What it is: The average uncompensated frequency response of the headphone. For in-ears and earbuds, this corresponds to the average of 5 measurements/re-seats on the dummy head (HMS). For over/on-ear headphones, this corresponds to the average of 5 measurements/re-seats on the HMS (Head Measurement System) for the mid and treble ranges, and 5 measurements/re-seats on 5 human subjects for the bass range.
When it matters: This is for those who want to see the raw and uncompensated frequency response of the headphone. Some of the more advanced users, are able to read and evaluate headphone frequency response in its raw form and without compensation. This will be especially useful to them if they have their own headphone compensation/target curve, which may differ from the compensation curve/target response used by RTINGS.com.
Score components:
9.3 Frequency Response Consistency
What it is: The amount of deviation of each frequency response pass, from the average frequency response.
When it matters: Shows how consistently the headphones perform after re-positioning them.
Score components:
Beats BeatsX Consistency L Beats BeatsX Consistency R
Avg. Std. Deviation
What it is: The average amount of deviation in frequency response of 5 re-seats, from the average frequency response.
When it matters: Shows how consistently the headphones perform after re-positioning them.
Good value: <0.5
Noticeable difference: 0.1
:
0.14 dB

The frequency response consistency of the Beats X is excellent. If the user is able to achieve a proper fit and an air-tight seal using the assortment of tips that come with the headphones, then they should be able to get consistent bass and treble delivery every time they use the headphones.

9.0 Imaging
What it is: Imaging qualities are inherent to the audio content, the headphones have to 'reproduce' them rather than 'create' them. They determine how accurately the objects are positioned in the stereo image, and how transparent the imaging is.
When it matters: When accurate positioning of the objects in the stereo image, and clear and transparent imaging is desired.
Beats BeatsX Group Delay Beats BeatsX Phase Response
Weighted Group Delay
What it is: The average amount of group delay calculated based on a perceptual weighting filter. Group delay indicates how long it takes for each frequency to reach their maximum amplitude. This is a monaural quality and can be perceived even with one ear.
When it matters: Headphones with lower group delay have more transparent imaging and a tighter bass. Headphones with higher group delay in the bass range tend to have a wimpy and loose bass, and headphones with higher group delay in the treble range tend to have a less transparent imaging.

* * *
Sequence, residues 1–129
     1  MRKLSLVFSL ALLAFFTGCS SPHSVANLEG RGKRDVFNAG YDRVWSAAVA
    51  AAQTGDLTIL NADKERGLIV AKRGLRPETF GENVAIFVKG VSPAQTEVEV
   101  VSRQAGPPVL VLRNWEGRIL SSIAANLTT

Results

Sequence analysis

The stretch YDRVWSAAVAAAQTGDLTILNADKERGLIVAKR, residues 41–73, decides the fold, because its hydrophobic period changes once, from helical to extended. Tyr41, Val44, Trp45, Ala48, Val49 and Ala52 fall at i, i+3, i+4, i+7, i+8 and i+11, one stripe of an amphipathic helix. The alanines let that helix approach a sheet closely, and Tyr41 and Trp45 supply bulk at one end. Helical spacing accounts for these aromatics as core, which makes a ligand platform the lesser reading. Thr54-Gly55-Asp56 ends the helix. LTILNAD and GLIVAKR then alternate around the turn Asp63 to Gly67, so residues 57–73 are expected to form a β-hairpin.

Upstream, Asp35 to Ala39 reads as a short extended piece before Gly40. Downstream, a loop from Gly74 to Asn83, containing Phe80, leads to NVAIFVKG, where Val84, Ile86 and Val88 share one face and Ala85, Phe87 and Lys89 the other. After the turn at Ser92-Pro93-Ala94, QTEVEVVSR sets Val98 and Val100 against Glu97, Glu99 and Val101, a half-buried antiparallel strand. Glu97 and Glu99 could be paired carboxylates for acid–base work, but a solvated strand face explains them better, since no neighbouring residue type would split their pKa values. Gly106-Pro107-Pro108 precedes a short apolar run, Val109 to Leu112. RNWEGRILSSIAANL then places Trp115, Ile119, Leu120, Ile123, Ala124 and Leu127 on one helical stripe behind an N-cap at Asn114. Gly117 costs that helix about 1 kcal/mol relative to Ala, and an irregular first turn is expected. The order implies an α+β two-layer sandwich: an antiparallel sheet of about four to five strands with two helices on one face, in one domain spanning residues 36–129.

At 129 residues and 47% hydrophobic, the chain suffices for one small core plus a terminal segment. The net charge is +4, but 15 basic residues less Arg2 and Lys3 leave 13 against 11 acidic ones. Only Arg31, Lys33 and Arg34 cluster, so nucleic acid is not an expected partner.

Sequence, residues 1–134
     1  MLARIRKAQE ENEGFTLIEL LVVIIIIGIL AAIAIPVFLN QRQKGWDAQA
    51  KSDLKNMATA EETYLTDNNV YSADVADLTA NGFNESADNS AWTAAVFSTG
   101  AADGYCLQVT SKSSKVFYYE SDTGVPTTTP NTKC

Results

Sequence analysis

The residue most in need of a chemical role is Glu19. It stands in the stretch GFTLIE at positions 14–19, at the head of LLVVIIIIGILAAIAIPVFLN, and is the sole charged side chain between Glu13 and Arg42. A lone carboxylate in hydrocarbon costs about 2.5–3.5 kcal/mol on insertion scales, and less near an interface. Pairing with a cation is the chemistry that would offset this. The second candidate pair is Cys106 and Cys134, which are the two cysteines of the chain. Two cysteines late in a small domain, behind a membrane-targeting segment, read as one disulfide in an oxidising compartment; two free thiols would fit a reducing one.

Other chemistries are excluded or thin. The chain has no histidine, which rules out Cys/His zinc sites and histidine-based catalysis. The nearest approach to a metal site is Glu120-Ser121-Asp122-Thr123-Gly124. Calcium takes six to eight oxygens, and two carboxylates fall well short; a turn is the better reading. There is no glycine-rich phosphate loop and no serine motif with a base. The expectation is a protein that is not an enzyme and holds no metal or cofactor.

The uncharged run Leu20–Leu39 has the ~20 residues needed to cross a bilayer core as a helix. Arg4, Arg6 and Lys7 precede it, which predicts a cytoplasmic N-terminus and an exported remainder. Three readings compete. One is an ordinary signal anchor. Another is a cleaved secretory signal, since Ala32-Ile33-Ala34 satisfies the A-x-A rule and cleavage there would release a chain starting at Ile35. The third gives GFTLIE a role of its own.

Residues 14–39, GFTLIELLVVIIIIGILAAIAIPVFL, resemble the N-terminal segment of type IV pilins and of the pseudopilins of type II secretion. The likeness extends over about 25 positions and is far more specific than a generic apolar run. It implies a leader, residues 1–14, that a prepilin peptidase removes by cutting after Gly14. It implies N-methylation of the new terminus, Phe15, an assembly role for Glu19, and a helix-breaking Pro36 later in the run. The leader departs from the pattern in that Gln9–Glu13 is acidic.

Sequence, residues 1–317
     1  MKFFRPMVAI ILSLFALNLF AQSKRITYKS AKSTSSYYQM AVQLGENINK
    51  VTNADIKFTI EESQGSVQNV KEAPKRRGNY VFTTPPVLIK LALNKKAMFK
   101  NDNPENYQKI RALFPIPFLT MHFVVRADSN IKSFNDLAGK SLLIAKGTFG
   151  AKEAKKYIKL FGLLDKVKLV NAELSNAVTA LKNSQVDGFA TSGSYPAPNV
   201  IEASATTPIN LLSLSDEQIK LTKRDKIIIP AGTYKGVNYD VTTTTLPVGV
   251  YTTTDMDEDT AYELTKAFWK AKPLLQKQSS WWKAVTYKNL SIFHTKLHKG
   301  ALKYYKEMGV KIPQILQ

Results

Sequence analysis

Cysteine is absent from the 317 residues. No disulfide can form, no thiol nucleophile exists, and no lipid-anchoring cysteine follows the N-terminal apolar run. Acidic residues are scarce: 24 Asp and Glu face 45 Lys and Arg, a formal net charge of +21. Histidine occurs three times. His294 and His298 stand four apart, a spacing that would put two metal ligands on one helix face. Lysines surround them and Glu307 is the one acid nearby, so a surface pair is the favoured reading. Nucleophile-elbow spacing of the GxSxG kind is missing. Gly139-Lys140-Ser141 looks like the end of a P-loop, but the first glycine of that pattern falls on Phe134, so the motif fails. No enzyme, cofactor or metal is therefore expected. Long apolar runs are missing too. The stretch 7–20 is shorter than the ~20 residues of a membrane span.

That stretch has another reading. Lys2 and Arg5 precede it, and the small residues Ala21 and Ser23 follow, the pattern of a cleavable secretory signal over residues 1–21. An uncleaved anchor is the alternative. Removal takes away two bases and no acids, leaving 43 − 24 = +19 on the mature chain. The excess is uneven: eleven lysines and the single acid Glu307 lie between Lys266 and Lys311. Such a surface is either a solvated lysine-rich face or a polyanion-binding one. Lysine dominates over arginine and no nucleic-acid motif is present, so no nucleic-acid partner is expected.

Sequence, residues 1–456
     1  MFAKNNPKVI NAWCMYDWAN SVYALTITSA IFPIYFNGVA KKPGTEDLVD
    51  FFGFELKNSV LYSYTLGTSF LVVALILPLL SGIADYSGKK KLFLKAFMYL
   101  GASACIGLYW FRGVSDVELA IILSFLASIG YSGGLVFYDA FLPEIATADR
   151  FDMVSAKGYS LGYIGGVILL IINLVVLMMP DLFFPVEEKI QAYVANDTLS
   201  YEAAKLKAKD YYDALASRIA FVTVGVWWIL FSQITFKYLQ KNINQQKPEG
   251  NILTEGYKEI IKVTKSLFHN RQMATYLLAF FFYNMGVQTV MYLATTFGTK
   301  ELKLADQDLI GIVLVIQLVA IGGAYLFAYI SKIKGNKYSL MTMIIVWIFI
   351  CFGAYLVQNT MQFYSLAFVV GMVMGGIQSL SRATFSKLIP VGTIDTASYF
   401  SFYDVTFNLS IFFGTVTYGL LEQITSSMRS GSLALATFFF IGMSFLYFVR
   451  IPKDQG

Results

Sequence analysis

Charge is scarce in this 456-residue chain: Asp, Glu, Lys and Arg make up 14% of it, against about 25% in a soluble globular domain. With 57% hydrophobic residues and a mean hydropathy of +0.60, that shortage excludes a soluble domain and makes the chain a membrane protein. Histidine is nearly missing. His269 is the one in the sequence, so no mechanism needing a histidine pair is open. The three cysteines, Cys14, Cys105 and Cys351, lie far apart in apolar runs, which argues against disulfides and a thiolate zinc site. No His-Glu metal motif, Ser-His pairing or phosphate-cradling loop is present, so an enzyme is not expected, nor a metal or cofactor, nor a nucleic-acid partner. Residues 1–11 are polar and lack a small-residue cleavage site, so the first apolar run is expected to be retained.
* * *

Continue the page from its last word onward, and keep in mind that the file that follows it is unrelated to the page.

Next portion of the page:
Good value: <0.5
Noticeable difference: 0.1
:
0.14
Weighted Amplitude Mismatch
What it is: The Left/Right balance of our test unit, that is, the amount of amplitude difference between the left and right drivers. This is not a design test, but a marker for manufacturing tolerance and ergonomics.
When it matters: When a properly balanced stereo image and low manufacturing tolerance is desired. A poor score indicates a noticeable difference in level between the left and right drivers.
Good value: <1.5
Noticeable difference: 0.1
:
0.64
Weighted Frequency Mismatch
What it is: The amount of difference (Std. Err.) between the frequency response of the left and right drivers of our test unit. This is not a design test, but a marker for manufacturing tolerance and ergonomics.
When it matters: When an even and stable stereo image, as well as a low manufacturing tolerance, is desired. A poor score indicates there may be 'holes' in the stereo image at certain frequencies.
Good value: <2
Noticeable difference: 0.1
:
1.37
Weighted Phase Mismatch
What it is: The amount of difference (Std. Err.) between the phase response of the left and right drivers of our test unit. This is not a design test, but a marker for manufacturing tolerance and ergonomics.
When it matters: When an even and stable stereo image, as well as a low manufacturing tolerance is desired. A poor score indicates there may be inaccuracies in the stereo image reproduction at certain frequencies.
Good value: <16
Noticeable difference: 3
:
2.71

The Beats X has excellent imaging. Their weighted group delay is at 0.14, which is very good. This suggests that they have a tight bass and a transparent treble reproduction. Additionally, the L/R drivers of our test unit were exceptionally well-matched in amplitude, frequency, and phase response, which ensures a accurate placement and localization of objects (voices, instruments, video game effects) in the stereo image.

1.0 Soundstage
What it is: Soundstage qualities are not inherent to the audio content, the headphones have to 'create' them rather than 'reproduce' them. They determine whether the sound is perceived to be coming from inside or in front of the head, how open and spacious the soundstage is, how much the headphones acoustically interact with the environment, and how strong the phantom center is.
When it matters: When an accurately produced, large and spacious soundstage, similar to that of a stereo loudspeaker setup is desired.
PRTF Accuracy (Std. Dev.)
What it is: The standard deviation of the PRTF (Pinna-related transfer function) of the headphones compared to a reference loudspeaker's PRTF at 30°. This quality is monaural and can be perceived even with one ear. This test does not apply to in-ears and earbuds, due to the lack of pinna interaction.